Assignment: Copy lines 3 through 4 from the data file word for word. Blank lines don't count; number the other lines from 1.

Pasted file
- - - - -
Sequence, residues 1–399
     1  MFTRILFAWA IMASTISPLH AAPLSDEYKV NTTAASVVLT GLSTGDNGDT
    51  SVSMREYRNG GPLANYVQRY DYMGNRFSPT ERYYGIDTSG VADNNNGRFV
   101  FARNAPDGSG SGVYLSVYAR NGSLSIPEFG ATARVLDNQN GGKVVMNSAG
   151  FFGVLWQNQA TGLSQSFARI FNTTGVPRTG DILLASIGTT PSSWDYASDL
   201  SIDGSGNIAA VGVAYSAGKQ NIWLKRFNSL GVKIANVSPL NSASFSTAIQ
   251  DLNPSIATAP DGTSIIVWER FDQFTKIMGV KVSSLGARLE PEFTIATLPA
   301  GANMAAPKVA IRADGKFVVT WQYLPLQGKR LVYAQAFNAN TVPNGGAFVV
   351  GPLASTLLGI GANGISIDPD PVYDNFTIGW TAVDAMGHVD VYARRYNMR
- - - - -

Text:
    51  SVSMREYRNG GPLANYVQRY DYMGNRFSPT ERYYGIDTSG VADNNNGRFV
   101  FARNAPDGSG SGVYLSVYAR NGSLSIPEFG ATARVLDNQN GGKVVMNSAG